Next steps will require clinical studies to discover what is likely to happen in the future to patients whose microvascular health has been affected by COVID-19, particularly those patients who continue to have lingering symptoms, or long COVID.

This work was supported, in part, by grants from the National Institutes of Health under contract numbers R01 HL133254, R01 HL148338 and R01 HL157790.


For more information: Coronary microvascular health in patients with prior COVID-19 infection. JACC: Cardiovascular Imaging. (online Aug. 16, 2022) Ahmed Ibrahim Ahmed, Jean Michel Saad, Yushui Han, Fares Alahdab, Maan Malahfji, Faisal Nabi, John J Mahmarian, John P. Cook, William A Zoghbi and Mouaz H Al-Mallah. DOI:


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War, peace and security: The pandemic’s impact on women and girls in Nepal and Sri Lanka

The impacts of COVID-19 must be incorporated into women, peace and security planning in order to improve the lives of women and girls in postwar countries…



Nepalese girls rest for observation after receiving the Moderna vaccine for COVID-19 in Kathmandu, Nepal. (AP Photo/Niranjan Shrestha)

Attention to the pandemic’s impacts on women has largely focused on the Global North, ignoring countries like Nepal and Sri Lanka, which continue to deal with prolonged effects of war. While the Nepalese Civil War concluded in 2006 and the Sri Lankan Civil War concluded in 2009, internal conflicts continue.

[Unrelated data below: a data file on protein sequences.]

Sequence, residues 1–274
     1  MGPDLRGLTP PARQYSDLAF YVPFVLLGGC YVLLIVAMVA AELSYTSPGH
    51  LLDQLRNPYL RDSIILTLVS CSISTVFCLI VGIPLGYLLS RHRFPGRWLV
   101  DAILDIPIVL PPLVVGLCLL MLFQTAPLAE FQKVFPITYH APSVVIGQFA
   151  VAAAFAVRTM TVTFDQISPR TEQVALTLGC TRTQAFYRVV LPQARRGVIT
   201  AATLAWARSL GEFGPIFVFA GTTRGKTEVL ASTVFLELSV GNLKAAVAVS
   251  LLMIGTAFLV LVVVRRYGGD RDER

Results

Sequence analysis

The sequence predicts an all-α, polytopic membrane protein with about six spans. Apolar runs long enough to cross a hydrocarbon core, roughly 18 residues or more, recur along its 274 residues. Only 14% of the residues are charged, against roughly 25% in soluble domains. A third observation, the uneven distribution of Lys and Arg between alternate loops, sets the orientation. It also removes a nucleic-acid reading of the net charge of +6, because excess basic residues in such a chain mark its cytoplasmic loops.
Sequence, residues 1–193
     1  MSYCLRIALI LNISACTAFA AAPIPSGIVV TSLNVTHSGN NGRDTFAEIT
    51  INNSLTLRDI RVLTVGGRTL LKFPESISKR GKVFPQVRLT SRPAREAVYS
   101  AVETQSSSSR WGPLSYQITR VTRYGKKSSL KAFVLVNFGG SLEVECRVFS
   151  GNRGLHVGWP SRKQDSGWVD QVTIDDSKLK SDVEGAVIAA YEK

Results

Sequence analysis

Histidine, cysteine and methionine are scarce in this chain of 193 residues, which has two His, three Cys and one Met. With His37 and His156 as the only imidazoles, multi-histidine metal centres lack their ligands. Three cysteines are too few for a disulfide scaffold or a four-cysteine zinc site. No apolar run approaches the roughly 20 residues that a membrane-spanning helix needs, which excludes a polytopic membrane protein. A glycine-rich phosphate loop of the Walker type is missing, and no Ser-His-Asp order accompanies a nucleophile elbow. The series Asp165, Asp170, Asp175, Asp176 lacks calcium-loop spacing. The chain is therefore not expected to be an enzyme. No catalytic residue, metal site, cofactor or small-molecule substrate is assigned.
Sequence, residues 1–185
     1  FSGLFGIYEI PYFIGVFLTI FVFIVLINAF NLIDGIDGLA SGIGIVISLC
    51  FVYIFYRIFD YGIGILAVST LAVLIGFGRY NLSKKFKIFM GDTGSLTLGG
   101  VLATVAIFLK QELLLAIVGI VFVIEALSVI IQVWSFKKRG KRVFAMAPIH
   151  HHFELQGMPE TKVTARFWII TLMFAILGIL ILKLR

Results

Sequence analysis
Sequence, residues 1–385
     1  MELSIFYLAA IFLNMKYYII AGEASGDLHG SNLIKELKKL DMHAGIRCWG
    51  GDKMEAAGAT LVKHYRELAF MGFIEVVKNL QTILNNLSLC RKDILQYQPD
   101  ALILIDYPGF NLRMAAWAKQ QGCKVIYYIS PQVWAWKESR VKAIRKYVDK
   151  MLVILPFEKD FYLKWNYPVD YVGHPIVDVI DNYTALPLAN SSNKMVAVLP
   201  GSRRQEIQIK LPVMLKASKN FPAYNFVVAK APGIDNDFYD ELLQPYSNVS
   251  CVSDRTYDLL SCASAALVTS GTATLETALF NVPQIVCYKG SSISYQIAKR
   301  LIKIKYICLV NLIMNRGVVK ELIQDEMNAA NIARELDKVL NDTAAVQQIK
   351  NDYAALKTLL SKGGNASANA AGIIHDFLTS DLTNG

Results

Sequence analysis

As scholars of gender and war, our work focuses on the United Nations Security Council Resolution 1325 on women, peace and security. And our recently published paper examines COVID-19’s impacts on women and girls in Nepal and Sri Lanka, looking at policy responses and their repercussions on the women, peace and security agenda.

COVID-19 has disproportionately and negatively impacted women in part because most are the primary family caregivers and the pandemic has increased women’s caring duties.

This pattern is even more pronounced in war-affected countries where the compounding factors of war and the pandemic leave women generally more vulnerable. These nations exist at the margins of the international system and suffer from what the World Bank terms “fragility, conflict and violence.”